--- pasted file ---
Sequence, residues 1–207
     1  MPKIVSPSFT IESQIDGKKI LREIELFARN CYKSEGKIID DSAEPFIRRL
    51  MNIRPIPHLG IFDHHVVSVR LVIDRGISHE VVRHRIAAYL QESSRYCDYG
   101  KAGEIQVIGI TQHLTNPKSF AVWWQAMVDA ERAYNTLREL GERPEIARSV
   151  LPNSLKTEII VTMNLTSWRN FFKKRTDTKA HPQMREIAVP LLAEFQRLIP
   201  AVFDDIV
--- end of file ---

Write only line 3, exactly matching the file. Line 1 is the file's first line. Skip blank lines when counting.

    51  MNIRPIPHLG IFDHHVVSVR LVIDRGISHE VVRHRIAAYL QESSRYCDYG